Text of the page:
While outside the ToE, it seems that there is no limit to the discussion on this issue in the group so I thought I'd start this thread. I found this article in the Science News about possible cell membrane formation and found it interesting. "In their lab, the scientists prepared wafers of a frozen mix containing water, methanol, ammonia, carbon monoxide, and other molecules known to be present in interstellar gas clouds. They then subjected the wafers to the frigid temperatures and high vacuum present in deep space. Next, they zapped the ices with ultraviolet light for several weeks, mimicking the high-energy radiation that these molecules would receive in space.
The researchers brought the residue of this icy mixture to room temperature and added liquid water, which would have been present on ancient Earth. They found that the resulting molecules had arranged themselves in spherical vesicles similar in size, shape, and structure to cell membranes." Source: http://www.sciencenews.org/20010203/fob1.asp
This offers at least a possible explanation as to how the outside of cell got started. Hope this interests some of you.
OK, so we have these "spherical vesicles" that are formed. Do they have a door or window that the amino acids that are forming on the primitive Earth can get through so to set up camp on the inside? Hopefully these "vesicles" formed or landed near the alleged primordial soup, that way the alleged first self-replicating molecules wouldn't have to travel too far to reach them.
Then we have the issue of once inside these "vesicles" the information to make the vesicles had to be transferred to the self-replicating molecules or did vesicle after vesicle rain down upon the Earth and continues to do so now unnoticed?
No, with abiogenesis scientists are grasping at straws. But it doesn't hurt to look, you never know what other piece of knowledge can be gained by trying.
I think that production of a proto-cell membrane would most likely have been from the replicators inside the proto-cell. That way they don't have to be looking for new vesicles in which to implant themselves and they can repair damage.
Still, the research demonstrates that cell membrane-like structures are not that difficult to produce.
I have heard about something similar to this, with membrane-like pockets forming under certain conditions--but I agree that it almost boggles the mind how something that was ultimately a collection of inert chemicals could become an organized, living thing, even one as simple as a bacterium. Genes, protien-ormation, and gene replication are really very complex processes. Yes, I do believe that life on Earth rose out of an evolutionary process--but I thnk that the huge step from collection of chemicals to living thing does indeed leave room for us to ponder a Creator. It's the same in cosmology: we belive there was a Big Bang--but where did the original singularity come from? That is something science isn't able to tell us.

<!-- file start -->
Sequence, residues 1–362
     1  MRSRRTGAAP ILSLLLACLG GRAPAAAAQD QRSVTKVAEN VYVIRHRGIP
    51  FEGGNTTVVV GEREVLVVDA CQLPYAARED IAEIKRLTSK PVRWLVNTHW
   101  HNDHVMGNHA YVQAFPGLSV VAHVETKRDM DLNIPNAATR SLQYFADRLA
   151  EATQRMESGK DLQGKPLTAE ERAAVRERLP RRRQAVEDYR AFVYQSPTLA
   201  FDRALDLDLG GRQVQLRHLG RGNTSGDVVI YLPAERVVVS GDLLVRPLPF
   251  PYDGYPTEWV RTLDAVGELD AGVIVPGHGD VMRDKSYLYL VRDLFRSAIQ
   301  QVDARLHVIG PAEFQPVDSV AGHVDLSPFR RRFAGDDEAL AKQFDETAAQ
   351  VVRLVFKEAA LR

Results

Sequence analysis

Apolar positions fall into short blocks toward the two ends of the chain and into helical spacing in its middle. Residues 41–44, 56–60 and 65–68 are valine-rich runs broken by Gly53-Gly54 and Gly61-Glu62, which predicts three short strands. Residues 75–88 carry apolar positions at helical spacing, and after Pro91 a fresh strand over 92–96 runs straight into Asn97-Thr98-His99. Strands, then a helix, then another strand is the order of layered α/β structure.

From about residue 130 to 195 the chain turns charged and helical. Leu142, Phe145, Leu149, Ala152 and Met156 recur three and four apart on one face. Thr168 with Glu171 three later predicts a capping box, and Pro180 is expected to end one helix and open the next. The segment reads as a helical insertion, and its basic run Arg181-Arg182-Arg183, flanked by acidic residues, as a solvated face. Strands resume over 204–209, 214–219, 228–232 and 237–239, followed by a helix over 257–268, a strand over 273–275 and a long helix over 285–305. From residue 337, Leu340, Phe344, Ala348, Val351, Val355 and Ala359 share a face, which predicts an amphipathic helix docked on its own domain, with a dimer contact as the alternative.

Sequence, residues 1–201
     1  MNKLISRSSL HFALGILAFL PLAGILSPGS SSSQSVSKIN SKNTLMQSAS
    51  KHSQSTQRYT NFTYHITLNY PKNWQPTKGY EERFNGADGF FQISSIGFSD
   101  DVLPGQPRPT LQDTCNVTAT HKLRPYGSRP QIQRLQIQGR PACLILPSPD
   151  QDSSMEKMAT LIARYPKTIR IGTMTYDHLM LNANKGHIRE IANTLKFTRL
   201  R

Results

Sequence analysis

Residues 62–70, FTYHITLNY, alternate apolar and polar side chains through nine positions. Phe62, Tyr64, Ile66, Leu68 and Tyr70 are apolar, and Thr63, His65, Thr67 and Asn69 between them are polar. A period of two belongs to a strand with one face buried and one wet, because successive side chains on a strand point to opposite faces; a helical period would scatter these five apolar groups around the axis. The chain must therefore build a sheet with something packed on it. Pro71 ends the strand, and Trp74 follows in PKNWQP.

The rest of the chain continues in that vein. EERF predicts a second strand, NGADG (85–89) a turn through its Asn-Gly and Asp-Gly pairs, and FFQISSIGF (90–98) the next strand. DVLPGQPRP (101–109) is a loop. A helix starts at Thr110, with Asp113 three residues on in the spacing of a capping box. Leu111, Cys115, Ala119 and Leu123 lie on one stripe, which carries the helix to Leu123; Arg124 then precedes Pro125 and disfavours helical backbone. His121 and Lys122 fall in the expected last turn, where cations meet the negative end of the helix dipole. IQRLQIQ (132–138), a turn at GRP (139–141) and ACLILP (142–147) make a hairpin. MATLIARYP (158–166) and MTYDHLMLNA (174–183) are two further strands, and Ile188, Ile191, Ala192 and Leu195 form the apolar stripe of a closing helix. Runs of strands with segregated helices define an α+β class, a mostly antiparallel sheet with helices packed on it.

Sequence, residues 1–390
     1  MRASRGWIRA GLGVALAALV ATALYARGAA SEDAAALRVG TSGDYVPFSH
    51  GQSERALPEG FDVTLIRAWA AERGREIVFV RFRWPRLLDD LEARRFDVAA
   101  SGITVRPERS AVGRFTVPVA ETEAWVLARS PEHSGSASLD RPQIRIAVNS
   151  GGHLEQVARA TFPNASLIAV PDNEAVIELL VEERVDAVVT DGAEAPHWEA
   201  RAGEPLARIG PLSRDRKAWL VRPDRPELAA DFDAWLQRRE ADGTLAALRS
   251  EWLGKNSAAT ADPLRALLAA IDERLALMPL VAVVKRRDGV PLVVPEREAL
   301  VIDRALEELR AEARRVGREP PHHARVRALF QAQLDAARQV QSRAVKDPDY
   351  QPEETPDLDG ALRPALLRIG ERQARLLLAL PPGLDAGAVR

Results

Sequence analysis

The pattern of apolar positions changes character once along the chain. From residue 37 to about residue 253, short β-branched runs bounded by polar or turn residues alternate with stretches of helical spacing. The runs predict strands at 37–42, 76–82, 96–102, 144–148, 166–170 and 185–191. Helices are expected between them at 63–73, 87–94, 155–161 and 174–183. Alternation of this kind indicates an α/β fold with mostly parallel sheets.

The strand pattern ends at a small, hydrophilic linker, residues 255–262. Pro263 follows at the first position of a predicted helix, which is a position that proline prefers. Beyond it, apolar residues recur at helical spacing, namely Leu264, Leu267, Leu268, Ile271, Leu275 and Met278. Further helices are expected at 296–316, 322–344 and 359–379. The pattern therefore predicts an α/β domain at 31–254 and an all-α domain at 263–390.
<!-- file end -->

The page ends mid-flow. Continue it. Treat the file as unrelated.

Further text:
Regardless, this is perhaps the smallest piece of a VERY big puzzle.
How does the dna form? How are the left hand amino acids separated from the right hand amino acids? This is an unresolved issue. In all tests, approximately equal amounts of left hand and right hand amino acids are always produced together. There is no known way to separate them. The odds of getting all the left hands separated from the right hands from a purely statistical viewpoint is unreasonable, so until there becomes a simple, natural way to separate the acids, the natural creation of that first dna cell looks bleak.
Secondly, how can the necessity of all that work to partially produce the smallest of the necessities for life support a claim that no intellegence was needed to create life at all?
Jmunk: "How does the dna form? How are the left hand amino acids separated from the right hand amino acids?...etc..."
I think it's more important to ask, "What does it mean if we don't have answers?" We don't know everything and never will, but the business of science is of asking questions such as yours, and then going off and finding the answers. For some of these questions we may never know the answer. Perhaps "How did life begin?" is one of those questions. We cannot know if the answer lies within our abilities to discover, but scientists are trying, and perhaps they'll succeed, perhaps not.
The nature of your questions, though not the questions themselves, have a long history. Four hundred years ago you could ask what keeps the planets in orbit about the sun, and argue that since we didn't know that it was therefore evidence of God. Three hundred years ago you could ask where lightening comes from, and since we didn't know you could argue it was evidence of God. Two hundred years ago you could ask about the origin of species, and since we didn't know you could argue it was evidence of God. One hundred years ago you could point to the anomalies in the orbit of Mercury and argue that since we didn't know why that it was evidence of God. And now you ask how the amino acids in life ended up with only single-handedness when both are equally likely, and argue that since we don't know that it is evidence of God (or an IDer in your case).
If questions about what we don't know are to have any significance, you must first successfully make the case that they are different in nature from these old questions from the history of science.
[This message has been edited by Percipient, 12-01-2001]
Perci, I agree. However its not just not understanding a process thats the problem. These people are negative for a much more sinister reason ; because their religion makes them so. To accept that life originated as part of a natural process would put the final nail in the coffin for most religions. They HAVE to oppose it, logic & reason have no place here.